A congregation of Jehovah’s Witnesses in South Carolina has been rocked by the apparent murder-suicide of a Witness family of four.
Sheddrick Miller’s mother hadn’t heard from her son and his family for two days and went to their home to see if they were ok.
She stumbled on the grim discovery of her son’s body, together with that of his wife Kia and their two young children.
Police were then called to the home near Irmo, South Carolina, and encountered what they would later describe as a “shocking murder scene.”
Police spokesman Sgt. Curtis Wilson told the Charlotte Observer that the two children were found dead in their respective bedrooms, whereas the two adults were found together in the master bedroom.
All four were shot in the upper body, and a hand gun, the presumed murder weapon, was found next to the body of the father. Initial evidence is said to suggest a domestic disturbance, according to the Sheriff’s Department.
A family friend Rachel Hinson, 25, described the Millers as a good family. She told reporters that she had attended a bible study at their home and visited the local Kingdom Hall with them. “It’s confusing, and it’s not understandable why something like that would happen,” she said.
This horrific incident will be all the more shocking to Jehovah’s Witnesses since the religion prides itself on being a “happy people” who live in a blissful “spiritual paradise” where everyone contentedly immerses themselves in doing God’s work.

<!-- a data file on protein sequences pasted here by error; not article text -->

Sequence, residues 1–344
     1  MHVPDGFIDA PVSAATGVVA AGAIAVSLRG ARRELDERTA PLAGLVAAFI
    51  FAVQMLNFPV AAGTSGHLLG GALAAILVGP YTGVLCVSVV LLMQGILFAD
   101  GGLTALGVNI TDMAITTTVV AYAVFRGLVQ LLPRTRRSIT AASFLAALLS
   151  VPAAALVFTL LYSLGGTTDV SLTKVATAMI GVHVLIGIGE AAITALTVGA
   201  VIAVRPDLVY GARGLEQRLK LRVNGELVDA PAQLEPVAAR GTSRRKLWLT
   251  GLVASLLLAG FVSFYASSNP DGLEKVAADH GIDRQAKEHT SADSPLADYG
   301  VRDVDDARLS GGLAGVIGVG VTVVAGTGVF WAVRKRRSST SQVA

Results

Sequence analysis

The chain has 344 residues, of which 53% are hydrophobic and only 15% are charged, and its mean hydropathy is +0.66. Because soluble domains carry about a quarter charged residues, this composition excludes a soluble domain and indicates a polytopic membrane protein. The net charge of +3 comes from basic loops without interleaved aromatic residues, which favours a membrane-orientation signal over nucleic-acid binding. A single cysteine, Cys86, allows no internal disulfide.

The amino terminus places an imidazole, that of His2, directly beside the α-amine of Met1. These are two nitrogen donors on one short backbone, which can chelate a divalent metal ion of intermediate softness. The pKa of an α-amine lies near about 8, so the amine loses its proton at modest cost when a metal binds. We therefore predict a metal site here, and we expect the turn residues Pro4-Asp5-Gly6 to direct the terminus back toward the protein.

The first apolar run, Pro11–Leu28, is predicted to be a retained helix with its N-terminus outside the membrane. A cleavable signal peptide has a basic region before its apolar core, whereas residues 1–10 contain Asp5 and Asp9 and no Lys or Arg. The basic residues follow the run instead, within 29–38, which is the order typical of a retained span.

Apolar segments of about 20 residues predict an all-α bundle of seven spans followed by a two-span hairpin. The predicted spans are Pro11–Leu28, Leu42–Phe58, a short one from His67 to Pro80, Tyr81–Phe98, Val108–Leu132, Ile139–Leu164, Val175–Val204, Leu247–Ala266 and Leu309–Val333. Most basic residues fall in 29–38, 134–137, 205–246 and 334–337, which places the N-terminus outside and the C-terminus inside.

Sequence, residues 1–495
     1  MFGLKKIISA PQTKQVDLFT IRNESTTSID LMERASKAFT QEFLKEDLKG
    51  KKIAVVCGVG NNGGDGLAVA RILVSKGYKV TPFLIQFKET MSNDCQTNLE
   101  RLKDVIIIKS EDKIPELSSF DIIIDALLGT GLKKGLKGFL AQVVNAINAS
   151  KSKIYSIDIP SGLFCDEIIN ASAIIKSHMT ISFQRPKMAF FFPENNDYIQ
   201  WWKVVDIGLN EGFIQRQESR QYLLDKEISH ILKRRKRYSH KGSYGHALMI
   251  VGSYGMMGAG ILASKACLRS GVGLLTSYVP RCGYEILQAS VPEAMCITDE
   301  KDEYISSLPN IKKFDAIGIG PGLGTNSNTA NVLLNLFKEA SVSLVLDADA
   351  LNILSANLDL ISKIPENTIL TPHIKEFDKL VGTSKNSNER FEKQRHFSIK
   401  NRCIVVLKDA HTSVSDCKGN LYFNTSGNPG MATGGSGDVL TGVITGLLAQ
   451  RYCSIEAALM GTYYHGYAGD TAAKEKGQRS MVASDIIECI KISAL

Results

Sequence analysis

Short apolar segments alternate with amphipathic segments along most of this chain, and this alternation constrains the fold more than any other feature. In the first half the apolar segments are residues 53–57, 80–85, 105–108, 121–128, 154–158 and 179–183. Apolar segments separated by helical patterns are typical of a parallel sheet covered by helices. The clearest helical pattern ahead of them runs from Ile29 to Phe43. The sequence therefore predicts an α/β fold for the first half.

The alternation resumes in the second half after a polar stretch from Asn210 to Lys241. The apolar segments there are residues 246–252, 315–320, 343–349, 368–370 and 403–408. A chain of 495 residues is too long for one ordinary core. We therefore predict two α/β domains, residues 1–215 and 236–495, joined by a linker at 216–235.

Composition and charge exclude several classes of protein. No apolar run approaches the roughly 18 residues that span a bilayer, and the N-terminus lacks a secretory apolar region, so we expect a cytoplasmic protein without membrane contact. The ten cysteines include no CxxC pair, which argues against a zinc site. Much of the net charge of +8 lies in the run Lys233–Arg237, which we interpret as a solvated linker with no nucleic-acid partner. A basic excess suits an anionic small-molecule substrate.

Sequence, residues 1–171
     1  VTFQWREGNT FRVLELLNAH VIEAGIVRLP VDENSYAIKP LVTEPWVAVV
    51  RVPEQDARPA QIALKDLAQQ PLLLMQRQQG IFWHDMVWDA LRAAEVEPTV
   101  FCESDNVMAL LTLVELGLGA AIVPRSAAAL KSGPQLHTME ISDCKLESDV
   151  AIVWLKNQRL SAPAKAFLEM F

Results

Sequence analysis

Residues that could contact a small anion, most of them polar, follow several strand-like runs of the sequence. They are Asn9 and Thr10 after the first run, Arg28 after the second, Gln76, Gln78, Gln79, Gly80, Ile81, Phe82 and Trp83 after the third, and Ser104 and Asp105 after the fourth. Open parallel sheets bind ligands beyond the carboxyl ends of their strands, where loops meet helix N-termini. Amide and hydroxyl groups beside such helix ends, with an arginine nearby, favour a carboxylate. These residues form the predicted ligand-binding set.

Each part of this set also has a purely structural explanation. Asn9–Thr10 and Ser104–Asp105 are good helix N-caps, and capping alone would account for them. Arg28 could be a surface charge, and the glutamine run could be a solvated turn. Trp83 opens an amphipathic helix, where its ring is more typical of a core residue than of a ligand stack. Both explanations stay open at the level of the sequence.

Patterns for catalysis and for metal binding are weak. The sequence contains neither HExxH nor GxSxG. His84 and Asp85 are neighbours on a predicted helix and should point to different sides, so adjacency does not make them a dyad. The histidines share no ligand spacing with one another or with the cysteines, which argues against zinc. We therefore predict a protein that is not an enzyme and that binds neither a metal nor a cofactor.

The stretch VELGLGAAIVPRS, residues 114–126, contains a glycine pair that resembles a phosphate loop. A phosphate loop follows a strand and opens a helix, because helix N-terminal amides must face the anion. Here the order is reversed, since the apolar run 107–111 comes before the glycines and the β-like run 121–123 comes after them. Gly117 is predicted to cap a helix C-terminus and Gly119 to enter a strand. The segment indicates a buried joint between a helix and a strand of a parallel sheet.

Though it may never be clear what the exact circumstances were that led to this tragic incident, we can be almost certain this Witness homestead had deep-rooted problems that Watchtower teachings were powerless to alleviate. If anything, the family’s religious beliefs could have only worsened matters.
This website runs an annual survey for those connected with Jehovah’s Witnesses. One of the questions we ask is “Have you ever known or heard of one of Jehovah’s Witnesses committing or attempting suicide?” So far 904 people have participated in the 2014 Global Survey, and this is how they responded to that question…
Not long ago I had a telephone conversation with a dear friend of mine, a Witness elder from one of my former congregations, who had recently experienced a nervous breakdown. He suggested that as many as 1 in 5 in his congregation were taking antidepressants of some form due to various mental and emotional ailments. “And that’s a low estimate,” he said.
Whenever I see Watchtower boasting of how happy and joyful Jehovah’s Witnesses are, I think back to that conversation. This religion has no monopoly on happiness. To the contrary, it could be that its relentless rule-making, apocalyptic fear-mongering and threats of family estrangement for personal indiscretion make it one of the most wretched and depressing faiths a person could have.